Black lives matter has created considerable controversy over its approach to bringing about needed change in American society. At the heart of the controversy is the age old question of how best to create change. Martin Luther King the most famous of all civil rights activists is well known for his stance of change through nonviolent means. This was in contrast to the position of Malcolm X for example, another outstanding and brilliant activist who is famous for his declaration of change through “any means necessary.”
One nonviolent path to change is the path of forgiveness. King himself declared “forgiveness is not a decision of the moment but a permanent attitude.” Such a sentiment requires a shift in the way we often think about creating change. King was always about the longer view, the greater good. To me, his goal was about creating change not through condemnation but through the total transformation of society. I think he saw that forgiveness is among the most potent means to achieve this end. This type of change demands action that is committed to a better world for all.
How can I as one individual help cultivate a forgiving attitude and how does this help to bring change?
Take the First Step
The essence of Martin Luther Kings’ struggle was to challenge each person to ask the question, what kind of world do I want to help create? Then let our individual actions be consistent with the answer. Every time I make a decision to forgive I make the world a better place. It becomes one drop in an ocean of goodness swirling around the globe. That swelling tide washes over and heals the many gaping wounds of pain and hurt that are constantly being inflicted upon individuals, communities and nations.
This does not prevent us from speaking out against injustice or calling attention to acts of oppression, marginalization and exploitation. Far from it, forgiveness does not deny or minimize such behavior but believes the most effective response must be based upon higher principles of unconditional love, indomitable faith and undying hope. Am I willing to take my first step?
Assess the challenge of forgiveness
Given the fact that I don’t have to forgive anyone for anything I have to decide for myself whether it is worth my while to do this. Cultivating a forgiving attitude is not about what an individual person has done to me but more about the kind of person I want to be. Everything we know so far indicates that having a forgiving attitude makes us better people. It is also about the kind of world I want to live in. That’s why the project of teaching forgiveness to the kids exposed to the extreme violence of Northern Ireland has had such a major impact on healing wounds in that society. Read about that project here. I believe that is that is the sort of thing that drove Martin Luther King’s vision.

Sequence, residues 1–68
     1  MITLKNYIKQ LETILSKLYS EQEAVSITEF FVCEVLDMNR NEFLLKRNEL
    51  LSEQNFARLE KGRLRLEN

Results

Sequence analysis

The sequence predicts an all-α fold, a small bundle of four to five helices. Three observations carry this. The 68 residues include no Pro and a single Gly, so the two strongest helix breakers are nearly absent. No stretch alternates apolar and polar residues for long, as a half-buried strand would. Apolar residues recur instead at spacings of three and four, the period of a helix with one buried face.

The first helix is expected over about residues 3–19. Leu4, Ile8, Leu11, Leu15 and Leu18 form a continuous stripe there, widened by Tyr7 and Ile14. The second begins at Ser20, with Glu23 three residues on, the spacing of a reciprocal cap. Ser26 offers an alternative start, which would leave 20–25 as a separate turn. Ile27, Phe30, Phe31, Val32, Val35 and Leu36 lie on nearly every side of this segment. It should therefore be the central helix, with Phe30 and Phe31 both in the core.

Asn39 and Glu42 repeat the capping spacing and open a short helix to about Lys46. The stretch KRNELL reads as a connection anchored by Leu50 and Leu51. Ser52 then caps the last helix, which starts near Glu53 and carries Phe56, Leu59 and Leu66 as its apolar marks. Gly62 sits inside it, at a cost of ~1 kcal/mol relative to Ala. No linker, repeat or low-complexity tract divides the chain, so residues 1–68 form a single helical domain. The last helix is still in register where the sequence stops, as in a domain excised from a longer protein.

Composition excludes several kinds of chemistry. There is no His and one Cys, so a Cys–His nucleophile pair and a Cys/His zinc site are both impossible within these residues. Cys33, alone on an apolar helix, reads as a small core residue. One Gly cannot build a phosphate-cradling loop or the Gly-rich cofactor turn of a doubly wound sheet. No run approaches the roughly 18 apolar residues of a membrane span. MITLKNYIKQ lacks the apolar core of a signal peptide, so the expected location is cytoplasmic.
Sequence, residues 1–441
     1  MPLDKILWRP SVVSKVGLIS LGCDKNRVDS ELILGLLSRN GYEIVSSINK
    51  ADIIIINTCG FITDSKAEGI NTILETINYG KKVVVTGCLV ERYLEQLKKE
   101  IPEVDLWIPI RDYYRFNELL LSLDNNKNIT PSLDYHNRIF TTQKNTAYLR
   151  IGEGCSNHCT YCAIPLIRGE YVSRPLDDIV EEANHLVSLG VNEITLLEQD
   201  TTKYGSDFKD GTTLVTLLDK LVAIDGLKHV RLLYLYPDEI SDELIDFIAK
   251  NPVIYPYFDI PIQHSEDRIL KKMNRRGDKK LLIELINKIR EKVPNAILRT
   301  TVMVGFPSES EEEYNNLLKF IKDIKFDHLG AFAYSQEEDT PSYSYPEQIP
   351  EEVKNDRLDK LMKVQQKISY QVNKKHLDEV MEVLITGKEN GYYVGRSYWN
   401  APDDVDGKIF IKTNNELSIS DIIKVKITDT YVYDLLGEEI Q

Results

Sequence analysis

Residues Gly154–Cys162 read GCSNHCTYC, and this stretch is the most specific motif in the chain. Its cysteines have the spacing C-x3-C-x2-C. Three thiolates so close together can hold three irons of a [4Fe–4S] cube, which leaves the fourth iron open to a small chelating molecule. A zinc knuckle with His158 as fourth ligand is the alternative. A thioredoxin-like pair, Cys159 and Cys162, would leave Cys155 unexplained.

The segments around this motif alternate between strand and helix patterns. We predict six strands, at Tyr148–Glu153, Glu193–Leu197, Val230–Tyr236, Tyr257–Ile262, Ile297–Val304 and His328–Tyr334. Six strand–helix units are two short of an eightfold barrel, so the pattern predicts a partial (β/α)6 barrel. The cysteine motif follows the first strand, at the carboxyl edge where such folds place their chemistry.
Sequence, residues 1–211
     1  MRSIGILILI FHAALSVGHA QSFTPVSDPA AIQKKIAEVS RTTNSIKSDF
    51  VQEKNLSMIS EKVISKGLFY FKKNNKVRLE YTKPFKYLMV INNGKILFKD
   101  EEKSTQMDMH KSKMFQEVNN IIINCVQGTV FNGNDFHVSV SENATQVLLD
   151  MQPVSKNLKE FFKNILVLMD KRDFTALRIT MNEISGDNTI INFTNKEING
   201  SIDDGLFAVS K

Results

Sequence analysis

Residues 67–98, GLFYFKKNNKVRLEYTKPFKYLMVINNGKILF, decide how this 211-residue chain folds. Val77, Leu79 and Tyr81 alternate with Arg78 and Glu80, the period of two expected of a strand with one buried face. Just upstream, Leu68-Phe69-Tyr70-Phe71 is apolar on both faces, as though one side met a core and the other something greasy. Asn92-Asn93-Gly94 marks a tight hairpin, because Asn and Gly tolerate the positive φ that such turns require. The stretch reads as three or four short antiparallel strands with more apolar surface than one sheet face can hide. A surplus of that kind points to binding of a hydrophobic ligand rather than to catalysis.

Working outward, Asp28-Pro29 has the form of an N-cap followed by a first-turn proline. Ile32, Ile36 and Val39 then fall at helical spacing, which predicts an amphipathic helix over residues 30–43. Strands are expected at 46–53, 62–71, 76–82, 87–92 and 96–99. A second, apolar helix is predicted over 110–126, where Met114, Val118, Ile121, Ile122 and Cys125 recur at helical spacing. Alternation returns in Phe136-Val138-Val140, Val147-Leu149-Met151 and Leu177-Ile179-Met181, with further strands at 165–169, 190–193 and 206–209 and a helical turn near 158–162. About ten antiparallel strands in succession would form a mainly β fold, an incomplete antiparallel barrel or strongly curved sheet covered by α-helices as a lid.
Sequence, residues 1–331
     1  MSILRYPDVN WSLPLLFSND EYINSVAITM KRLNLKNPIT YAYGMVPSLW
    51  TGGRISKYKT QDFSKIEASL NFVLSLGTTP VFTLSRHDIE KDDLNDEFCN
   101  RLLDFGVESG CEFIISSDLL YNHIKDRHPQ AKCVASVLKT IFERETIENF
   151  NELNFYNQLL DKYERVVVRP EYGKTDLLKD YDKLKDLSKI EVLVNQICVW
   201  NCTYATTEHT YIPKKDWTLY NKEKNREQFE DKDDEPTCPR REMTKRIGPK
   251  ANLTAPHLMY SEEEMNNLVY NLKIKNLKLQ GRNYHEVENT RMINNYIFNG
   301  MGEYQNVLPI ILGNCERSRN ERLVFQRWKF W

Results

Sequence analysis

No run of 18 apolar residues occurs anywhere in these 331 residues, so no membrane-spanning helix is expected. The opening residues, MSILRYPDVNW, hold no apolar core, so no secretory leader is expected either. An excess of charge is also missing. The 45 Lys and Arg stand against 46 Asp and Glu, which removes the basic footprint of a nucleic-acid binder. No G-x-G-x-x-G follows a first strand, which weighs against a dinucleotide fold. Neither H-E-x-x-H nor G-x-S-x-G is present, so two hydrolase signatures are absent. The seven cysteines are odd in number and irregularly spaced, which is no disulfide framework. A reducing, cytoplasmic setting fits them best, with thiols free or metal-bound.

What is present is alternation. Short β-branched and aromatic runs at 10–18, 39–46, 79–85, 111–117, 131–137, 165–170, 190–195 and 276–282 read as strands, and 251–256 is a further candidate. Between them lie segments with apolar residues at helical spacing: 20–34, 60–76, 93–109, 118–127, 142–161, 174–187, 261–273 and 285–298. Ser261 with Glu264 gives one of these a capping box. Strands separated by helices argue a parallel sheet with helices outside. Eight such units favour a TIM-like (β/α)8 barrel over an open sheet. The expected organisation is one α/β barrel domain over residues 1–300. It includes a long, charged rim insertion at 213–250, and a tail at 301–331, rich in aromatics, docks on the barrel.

“As I walked out the door toward the gate that would lead to my freedom, I knew if I didn’t leave the bitterness and hatred behind, I’d still be in prison” Nelson Mandela. Do I have room in my heart to forgive? Do I have the space for grace? Or am I so filled with the pain of injustice, disloyalty or betrayal that I find myself unable to accommodate the very idea of forgiveness? If this is the case I may need to start with self forgiveness. Research has found that harboring negative emotions can affect us in some startling ways. For example a husband’s depression can promote depression in a wife. Read about that research here. Identify something to forgive in yourself and start there. That will expand your heart and make needed room for the attitude of forgiveness to take root.
Living the Change
Forgiveness is a process that demands perseverance. Working to bring about change particularly positive change is hard; and change through forgiveness is even harder. Jesus died in the cause of forgiveness. Just before he died he prayed for his executioners, “Father forgive them.” King himself lost his life advocating for the same cause.
So, would King support black lives matter? I think he would work to keep the focus on the goal of change but not through violence, intimidation or revenge. I believe he would be quoting the words of Jesus in Luke 6:27-28
27, “But I tell you who hear me: Love your enemies, do good to those who hate you, 28 bless those who curse you, pray for those who mistreat you.” This is hard work, but Jesus also enjoined in verse 37, “your reward will be great and the process will make you children of God.”